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When Sexual Assault Leaves You Feeling Suicidal

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Editor's Note

If you’ve experienced sexual abuse or assault, the following post could be potentially triggering. You can contact The National Sexual Assault Telephone Hotline at 1-800-656-4673.

In April of 2012, I was sexually assaulted. It didn’t happen the way I had always seen it portrayed in the movies or on television. I wasn’t drugged or drunk. I walked into the room with the assailant. I didn’t scream. I felt for a long time that it was my fault, that I should have seen the warning signs. That I should’ve been able to sense this boy was a predator — but I didn’t. I had no idea, in fact, I thought of this individual as a friend.

As if the assault wasn’t enough of a blow, I faced more trials. The first came from my then-boyfriend who didn’t believe me at first. The predator was a friend of his as well. He confronted the guy and took him for his word. So that brought me face-to-face with my attacker as he tried to convince me what he had done was not an assault, he thought it was what I wanted.

I wrestled with a strong wave of depression that night. I cried in the shower, as I often did, but this time I felt disgusted inside my own body and ashamed I couldn’t stop it. I felt guilt because of my boyfriend. He was angry with me for what happened, but the crazy thing? He yelled at me and got enraged when I couldn’t manage to say the predator’s name out loud. That was a really tough blow. To be attacked again but this time by someone you thought really loved you. I don’t think I ever told anyone about that.

I was so consumed by the pain and disgust that my whole mind shut down. Except for when I would finally fall asleep. My dreams were splashed with images of his face. I would wake up afraid and then stay up for hours until exhaustion overtook me. I couldn’t talk about it. I couldn’t think about it. I just wanted everything to stop.

I thought about suicide. My mind screamed at me that it was my only option. But I never tried. That is surprising when I look back on this event now. I never once tried to take my life. With as much guilt and pain that I still feel about it, I can’t understand why I didn’t do it. Perhaps because this pain was from the hands of someone else. Or maybe my brain could never really understand why it happened to me?

I guess I’ll never really know that answer. My assault didn’t cause me to self-harm more than I already did. There was no spike in the lashing out that I did to myself.  All I can really remember happening was crying all the time and being afraid to even leave my bedroom.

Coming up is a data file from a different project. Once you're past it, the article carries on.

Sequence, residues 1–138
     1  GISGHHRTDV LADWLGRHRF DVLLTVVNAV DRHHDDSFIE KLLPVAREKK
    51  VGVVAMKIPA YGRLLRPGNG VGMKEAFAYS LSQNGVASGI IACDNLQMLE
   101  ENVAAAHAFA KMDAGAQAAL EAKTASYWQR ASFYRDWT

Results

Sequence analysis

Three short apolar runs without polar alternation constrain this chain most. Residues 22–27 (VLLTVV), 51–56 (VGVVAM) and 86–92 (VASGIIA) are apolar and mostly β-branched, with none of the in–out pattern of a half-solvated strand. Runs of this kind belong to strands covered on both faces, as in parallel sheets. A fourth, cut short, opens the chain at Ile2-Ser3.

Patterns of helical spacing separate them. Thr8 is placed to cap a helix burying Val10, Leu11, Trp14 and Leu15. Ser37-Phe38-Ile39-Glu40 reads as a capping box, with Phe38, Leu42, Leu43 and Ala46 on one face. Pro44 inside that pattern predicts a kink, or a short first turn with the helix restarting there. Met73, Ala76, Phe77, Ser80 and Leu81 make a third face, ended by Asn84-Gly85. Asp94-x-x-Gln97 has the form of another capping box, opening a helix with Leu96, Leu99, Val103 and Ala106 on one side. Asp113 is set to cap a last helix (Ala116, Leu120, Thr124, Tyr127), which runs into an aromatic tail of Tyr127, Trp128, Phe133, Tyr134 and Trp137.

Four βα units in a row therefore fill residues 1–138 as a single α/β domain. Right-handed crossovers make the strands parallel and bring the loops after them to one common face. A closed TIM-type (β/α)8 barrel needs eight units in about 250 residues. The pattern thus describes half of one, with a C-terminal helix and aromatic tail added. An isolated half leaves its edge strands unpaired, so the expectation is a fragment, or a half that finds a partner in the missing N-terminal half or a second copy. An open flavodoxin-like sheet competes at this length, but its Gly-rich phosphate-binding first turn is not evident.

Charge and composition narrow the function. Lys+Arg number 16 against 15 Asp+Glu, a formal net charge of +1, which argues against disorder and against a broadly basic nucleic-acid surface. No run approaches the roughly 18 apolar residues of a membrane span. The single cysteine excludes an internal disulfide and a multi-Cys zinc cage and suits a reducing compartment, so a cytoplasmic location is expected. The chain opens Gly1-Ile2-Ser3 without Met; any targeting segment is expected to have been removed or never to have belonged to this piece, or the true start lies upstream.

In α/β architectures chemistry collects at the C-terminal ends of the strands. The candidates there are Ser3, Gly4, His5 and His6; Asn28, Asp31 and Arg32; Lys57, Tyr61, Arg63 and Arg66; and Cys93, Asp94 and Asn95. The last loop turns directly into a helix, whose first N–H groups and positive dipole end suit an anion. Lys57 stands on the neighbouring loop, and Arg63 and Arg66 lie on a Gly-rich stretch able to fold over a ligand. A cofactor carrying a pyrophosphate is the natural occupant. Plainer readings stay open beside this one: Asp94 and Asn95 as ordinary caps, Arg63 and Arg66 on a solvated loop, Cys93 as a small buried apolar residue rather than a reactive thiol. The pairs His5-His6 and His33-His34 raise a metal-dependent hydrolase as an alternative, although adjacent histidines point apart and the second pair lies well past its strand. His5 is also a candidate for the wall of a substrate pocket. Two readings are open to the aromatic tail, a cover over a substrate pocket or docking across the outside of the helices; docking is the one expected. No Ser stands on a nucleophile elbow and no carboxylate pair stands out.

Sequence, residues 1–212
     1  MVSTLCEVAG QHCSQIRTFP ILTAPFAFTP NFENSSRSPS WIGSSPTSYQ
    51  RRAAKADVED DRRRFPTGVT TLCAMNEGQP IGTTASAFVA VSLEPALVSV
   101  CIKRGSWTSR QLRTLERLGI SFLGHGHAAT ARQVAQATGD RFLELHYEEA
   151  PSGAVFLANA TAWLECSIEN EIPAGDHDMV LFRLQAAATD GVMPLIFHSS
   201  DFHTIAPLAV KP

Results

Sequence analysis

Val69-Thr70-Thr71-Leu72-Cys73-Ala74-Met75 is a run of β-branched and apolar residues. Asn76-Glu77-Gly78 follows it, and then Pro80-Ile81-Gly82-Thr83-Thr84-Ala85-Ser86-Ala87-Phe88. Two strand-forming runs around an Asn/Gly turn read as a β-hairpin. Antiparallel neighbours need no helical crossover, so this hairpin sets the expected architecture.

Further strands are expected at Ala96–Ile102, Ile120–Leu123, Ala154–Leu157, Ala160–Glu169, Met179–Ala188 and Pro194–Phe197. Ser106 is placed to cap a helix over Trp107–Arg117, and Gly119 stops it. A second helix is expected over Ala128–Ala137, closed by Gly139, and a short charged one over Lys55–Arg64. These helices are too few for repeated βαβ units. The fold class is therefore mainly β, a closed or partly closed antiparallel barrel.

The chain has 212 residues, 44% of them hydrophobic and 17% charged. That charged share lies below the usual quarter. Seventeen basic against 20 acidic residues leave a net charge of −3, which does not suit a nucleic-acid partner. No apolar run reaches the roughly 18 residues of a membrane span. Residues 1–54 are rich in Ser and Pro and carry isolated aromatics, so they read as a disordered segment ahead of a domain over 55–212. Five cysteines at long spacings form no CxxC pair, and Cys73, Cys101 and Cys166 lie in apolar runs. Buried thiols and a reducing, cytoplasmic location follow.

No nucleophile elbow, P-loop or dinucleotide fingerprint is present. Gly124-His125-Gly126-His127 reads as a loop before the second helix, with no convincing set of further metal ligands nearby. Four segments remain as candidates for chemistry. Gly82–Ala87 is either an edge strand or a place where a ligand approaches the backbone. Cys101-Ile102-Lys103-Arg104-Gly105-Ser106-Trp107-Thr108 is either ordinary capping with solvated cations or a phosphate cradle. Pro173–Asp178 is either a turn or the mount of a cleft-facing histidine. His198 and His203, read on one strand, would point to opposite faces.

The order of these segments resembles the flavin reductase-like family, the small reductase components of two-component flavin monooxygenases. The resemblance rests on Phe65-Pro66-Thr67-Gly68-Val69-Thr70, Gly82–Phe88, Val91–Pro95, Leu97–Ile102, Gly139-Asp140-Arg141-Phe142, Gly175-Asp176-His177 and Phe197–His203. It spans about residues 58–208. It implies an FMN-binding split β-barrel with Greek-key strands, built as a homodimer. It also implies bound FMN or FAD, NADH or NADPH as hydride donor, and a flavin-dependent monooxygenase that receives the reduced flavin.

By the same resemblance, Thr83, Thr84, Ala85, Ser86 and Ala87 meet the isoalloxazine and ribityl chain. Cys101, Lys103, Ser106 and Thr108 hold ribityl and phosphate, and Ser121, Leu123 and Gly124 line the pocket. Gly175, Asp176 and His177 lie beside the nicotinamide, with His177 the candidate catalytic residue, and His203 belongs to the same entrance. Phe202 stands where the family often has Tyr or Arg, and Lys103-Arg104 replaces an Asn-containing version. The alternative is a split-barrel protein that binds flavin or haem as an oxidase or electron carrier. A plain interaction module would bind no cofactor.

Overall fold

It was a very long time before I could even imagine holding hands with someone again. The thought of being touched in any way by someone else was scary and unwanted. I still become paranoid when I’m in a new place or I’m alone with a male I don’t know. Would someone else hurt me again? Would they do worse things to me?

I live with these worries every day now. I wish I wasn’t afraid, but how can I not be? A person stole a piece of innocence from me and I can’t grasp that I’m safe now.

My assault added to my depression in a way I couldn’t imagine. It overtook my dreams, I would relive it every night for a long long time. I don’t know if it made me stronger. It made me see the world differently, it made the darker parts of the grayscale picture more vivid. But stronger? I will say it gave me a strength in overcoming my self-harm. I never took the assault out on my own flesh. I feel my heart and mind knew that I had suffered enough at the hands of another.

Did I become more depressed after my assault? Yes. Did I hurt myself in response to it? No. Did I make it through unscathed? Not quite, but I did learn more about myself. I learned I could survive and that I wanted to. This event should’ve been a tipping point where I just gave up completely, but I didn’t. I never gave in even when I wanted to. I overcame one of the worst moments of my life and now it’s just a story I can tell. It’s part of my story, but it doesn’t make me who I am. I am who I wish to be and that is not a victim. I am a survivor and I will keep surviving.

Unsplash photo via Soragrit Wongsa

Originally published: May 7, 2018
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